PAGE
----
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The Best VR Experience at Tribeca Film Festival Was All About Sound

"Notes on Blindness" is a beautiful example of using sound to tell a story in virtual reality.

Usually when we talk about virtual reality's role as the evolution of film, it's because of what the medium allows us to see, be it a far-away place we couldn't travel to otherwise or a fantastical world our mind is fooled into thinking we're a part of. So it's rather ironic that the best VR experience I saw at the recent Tribeca Film Festival was a depiction of what it's like to not be able to see anything at all.

The film, Notes on Blindness: Into Darkness, is a 14-minute, six-chapter story about what it's like to go blind. It was written by writer and academic John Hull, who lost his sight at age 43 and documented the experience in an audio diary that narrates the piece.

When I sat down to "watch" the piece, I was skeptical; it seemed counterintuitive that I should have to strap a screen on my eyeballs in order to experience darkness. But there was something I wasn't accounting for: sound.

Once you put the headset on—I saw it in a Gear VR—the world goes mostly dark. You're looking at a black background with little blue and white pixels floating around, sometimes forming a vague outline of nearby objects which a sighted person would see. The film then makes brilliant use of 3D sound to reveal the hidden images of the objects around you in your mind, the same way a blind person's heightened sense of hearing helps them visualize and navigate their environment.

3D sound mimics the way we hear in real life, and is a crucial part of what makes a virtual environment realistic. Most recordings we listen to today are in stereo, panning between the left and right ear. But adding the aural dimension of depth is how the brain locates things in space, so you can hear sounds that appear to be coming from off in the distance, right up close, behind you, and in every direction in a 360-degree sphere.

Notes on Blindness was recorded with binaural audio, using a dummy head to capture sound that mimics the way our ears hear naturally. The effect, combined with beautiful graphic imagery, creates a forceful sensory experience. It's one of the only VR pieces so mesmerizing I was able to forget about the inherent discomfort of having an heavy headset strapped to my face.

The dummy head used to capture binaural audio was on display at Tribeca Film Festival. Photo: Meg Neal

In the first chapter, you're staring into the darkness while the narrator starts describing the sounds around you. When he points out that the person sitting to the left is turning the pages of a newspaper, that sound is brought to the fore and a faint silhouette of the newspaper-reader is starts to take shape. Now that object is part of your awareness. Next it's the hum of a highway in the distance to the left, cars pulling in and out of the parking lot behind you to the right, footsteps walking by on the path in front of you: different sounds for flip flops, women's heels, kids running.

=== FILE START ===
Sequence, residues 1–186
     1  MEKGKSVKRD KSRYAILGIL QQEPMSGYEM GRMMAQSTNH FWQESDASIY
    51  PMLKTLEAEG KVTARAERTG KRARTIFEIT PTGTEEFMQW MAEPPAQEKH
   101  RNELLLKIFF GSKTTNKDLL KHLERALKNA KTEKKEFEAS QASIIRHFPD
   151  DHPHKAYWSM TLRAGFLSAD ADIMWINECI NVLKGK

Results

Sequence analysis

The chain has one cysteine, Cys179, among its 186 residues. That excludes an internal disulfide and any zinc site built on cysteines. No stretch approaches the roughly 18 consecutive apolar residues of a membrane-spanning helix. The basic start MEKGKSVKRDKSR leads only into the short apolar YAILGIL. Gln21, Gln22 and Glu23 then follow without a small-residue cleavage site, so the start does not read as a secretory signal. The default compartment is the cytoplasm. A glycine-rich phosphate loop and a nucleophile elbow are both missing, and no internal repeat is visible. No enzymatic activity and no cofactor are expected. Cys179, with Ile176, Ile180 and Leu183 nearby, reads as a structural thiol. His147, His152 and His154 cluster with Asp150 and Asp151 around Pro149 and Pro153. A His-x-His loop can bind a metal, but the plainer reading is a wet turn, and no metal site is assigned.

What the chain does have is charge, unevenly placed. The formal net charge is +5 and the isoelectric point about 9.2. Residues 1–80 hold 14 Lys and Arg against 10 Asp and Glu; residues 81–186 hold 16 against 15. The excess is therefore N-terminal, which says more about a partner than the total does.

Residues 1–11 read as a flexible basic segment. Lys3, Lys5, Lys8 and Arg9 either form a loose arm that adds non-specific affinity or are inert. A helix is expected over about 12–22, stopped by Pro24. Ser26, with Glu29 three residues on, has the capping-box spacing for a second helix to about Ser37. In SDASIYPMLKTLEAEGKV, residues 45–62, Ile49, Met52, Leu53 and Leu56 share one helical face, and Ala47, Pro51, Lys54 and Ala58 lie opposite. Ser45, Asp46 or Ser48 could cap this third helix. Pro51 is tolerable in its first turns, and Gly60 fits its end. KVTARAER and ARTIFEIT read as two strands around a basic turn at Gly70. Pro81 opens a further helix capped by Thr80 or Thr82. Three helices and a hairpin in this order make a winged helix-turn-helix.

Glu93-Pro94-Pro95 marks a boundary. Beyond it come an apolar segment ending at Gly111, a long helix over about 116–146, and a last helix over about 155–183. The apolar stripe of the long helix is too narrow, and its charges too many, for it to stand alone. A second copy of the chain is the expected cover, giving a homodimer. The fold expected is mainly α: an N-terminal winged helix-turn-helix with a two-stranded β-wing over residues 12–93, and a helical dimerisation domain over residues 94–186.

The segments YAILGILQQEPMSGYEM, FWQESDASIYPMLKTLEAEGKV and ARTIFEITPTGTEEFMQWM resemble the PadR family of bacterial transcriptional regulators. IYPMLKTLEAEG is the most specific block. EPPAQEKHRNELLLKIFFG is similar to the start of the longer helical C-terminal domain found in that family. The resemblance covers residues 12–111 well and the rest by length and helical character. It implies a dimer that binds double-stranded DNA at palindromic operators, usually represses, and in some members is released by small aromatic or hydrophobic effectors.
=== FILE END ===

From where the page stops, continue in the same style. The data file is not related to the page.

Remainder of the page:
By the end of the chapter the entire soundscape is revealed, and you can perfectly picture the scene in your imagination. You become aware that you're sitting on a bench in a public park.

In my favorite chapter, you're inside a house and can hear the rain pouring down outside. Now imagine if it could rain inside, the narrator prompts. The rain acts like an acoustic clue: The way it hits and bounces off the contours of different objects reveals their shape, size and location, so you can start to tell what and where they are. In the goggles, as you focus your gaze on certain prompts, it triggers the sound of the rain falling on that object: a teacup, a large pot, a jar with a lid. One by one the objects' acoustic shapes are revealed, and you notice you're standing in a kitchen.

The experience—which is actually a companion piece to a feature length documentary of the same name—was easily one of the most moving pieces of cinematic VR at the film festival, which wrapped up on April 24 in New York City. There were a few other crowd pleasers that successfully transported you to another world, but those superior experiences used advanced headsets like Oculus Rift and HTC Vive that include positional tracking tech that lets you move your head around within the scene, instead of a static 360 view. Notes of Blindness was demoed in Samsung Gear, without this capability, making it that much more impressive that it could evoke the same level of emotion.

VR storytelling is at it's best when it's used to give the viewer a heightened sensory awareness. Magic Leap founder Rony Abovitz recently described alternative reality as "a journey into inner space," and that's exactly what Notes on Blindness does—at it's core, it's about cognition. There's no way a 2D "flat" film could achieve that level of sonic perception, and without it you'd be hard-pressed to really portray what it's like to be blind.